TV in Australia.
I look at the various articles and forum threads on TV and listen to the guys on the Vergecast, and I find the American web of television to be unintelligibly complicated. Cable of vast complications, Hulu and Netflix, and barely a mention of an Antenna of a Roof. It's an alien planet. And I am sure it flows over most of your foreign readers that way too.
So it got me thinking, well, what is the story for here in Australia?
I know my usage is pretty simple even for here, but I'll describe what I see and invite other Aussies to contradict and correct and expand...
TV here comes in two parts. Free to Air (Freeview to use the PR term) and Foxtel.
In cities Freeview comes as 3 commercial stations. 7, 9 and 10. And 2 government stations, ABC and SBS.
Each of these stations has a primary channel, and a collection of cheaply run secondary channels (lots of repeats of Simpsons and Big Bang Theory) to fill up their allotted bandwidth.
On the cable side of things we have Foxtel, which is owned by our main telecom carrier Telstra. We once had competing cable companies, but in the cities now only Foxtel survives. It has your HBO and sports and movies. If you are a TV addict it does the job. Foxel recently set a target of getting their service into 50% of households. Most people do not have cable. Many people openly say that they do not need it.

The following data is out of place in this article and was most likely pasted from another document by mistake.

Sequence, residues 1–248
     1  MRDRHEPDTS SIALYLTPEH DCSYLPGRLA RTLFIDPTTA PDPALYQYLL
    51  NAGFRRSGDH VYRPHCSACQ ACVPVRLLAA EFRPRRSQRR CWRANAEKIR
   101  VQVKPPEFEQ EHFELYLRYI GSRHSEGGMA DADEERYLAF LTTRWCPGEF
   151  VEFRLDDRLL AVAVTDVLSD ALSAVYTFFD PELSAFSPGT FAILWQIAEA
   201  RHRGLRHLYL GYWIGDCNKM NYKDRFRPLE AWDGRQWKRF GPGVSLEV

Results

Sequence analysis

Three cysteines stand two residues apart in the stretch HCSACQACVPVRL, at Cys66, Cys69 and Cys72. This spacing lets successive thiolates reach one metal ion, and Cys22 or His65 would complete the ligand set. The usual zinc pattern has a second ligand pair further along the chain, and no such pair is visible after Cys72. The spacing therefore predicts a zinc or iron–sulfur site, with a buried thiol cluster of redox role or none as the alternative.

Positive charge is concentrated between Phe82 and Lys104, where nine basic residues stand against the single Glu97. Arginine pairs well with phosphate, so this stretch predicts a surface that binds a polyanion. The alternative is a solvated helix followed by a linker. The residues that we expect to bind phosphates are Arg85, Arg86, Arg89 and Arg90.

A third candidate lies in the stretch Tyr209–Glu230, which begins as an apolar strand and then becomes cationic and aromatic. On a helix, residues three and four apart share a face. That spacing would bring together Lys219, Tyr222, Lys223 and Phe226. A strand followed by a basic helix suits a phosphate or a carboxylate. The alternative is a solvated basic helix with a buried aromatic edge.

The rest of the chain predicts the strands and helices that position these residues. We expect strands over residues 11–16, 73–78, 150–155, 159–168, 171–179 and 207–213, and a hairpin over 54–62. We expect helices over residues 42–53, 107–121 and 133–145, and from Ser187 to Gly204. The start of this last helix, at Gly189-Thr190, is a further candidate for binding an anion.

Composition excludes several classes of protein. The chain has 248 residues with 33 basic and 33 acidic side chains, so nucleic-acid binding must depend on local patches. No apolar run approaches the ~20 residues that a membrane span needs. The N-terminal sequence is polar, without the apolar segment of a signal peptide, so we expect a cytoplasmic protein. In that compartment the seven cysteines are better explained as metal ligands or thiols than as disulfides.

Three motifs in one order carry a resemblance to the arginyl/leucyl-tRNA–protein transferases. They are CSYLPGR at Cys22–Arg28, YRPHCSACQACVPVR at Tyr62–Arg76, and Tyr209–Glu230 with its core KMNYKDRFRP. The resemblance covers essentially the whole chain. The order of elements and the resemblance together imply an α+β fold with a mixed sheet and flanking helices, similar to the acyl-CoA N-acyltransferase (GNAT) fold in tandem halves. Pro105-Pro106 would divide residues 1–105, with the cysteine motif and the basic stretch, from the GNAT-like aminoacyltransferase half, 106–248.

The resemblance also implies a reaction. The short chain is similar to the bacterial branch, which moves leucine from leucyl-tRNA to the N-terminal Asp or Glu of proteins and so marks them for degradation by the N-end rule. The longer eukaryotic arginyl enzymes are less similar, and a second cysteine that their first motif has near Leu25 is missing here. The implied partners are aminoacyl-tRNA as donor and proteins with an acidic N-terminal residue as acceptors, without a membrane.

And as a side note, I know that a lot of ethnic families will have a huge satellite dish in their backyards to pick up native Chinese, for example, channels.
Netflix, Hulu? We don't have them, and we don't have any online services that get that kind of open loyalty and dependence. No one would seriously base their viewing on Quickflix, for example.
So, where do we go, digitally? Lets be blunt. The wonderful world of Bittorrent, either done by yourself or your nerdy friend/relative. And the world of some guy selling burnt DVDs at the market. Smarter kids might know websites to play stuff through their browser. A few people might actually buy programs from iTunes or Google Play, but really it's not that common.
The bottom line is that there isn't a popular coherent digital source.
Is this a fair assessment, fellow Australians?